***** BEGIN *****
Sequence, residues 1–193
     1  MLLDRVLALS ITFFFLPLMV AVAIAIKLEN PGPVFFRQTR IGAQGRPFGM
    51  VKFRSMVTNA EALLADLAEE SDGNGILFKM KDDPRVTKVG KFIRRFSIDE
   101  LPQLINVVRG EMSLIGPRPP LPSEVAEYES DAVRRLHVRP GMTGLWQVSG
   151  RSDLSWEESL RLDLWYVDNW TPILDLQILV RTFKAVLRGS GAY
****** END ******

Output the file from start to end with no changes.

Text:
Sequence, residues 1–193
     1  MLLDRVLALS ITFFFLPLMV AVAIAIKLEN PGPVFFRQTR IGAQGRPFGM
    51  VKFRSMVTNA EALLADLAEE SDGNGILFKM KDDPRVTKVG KFIRRFSIDE
   101  LPQLINVVRG EMSLIGPRPP LPSEVAEYES DAVRRLHVRP GMTGLWQVSG
   151  RSDLSWEESL RLDLWYVDNW TPILDLQILV RTFKAVLRGS GAY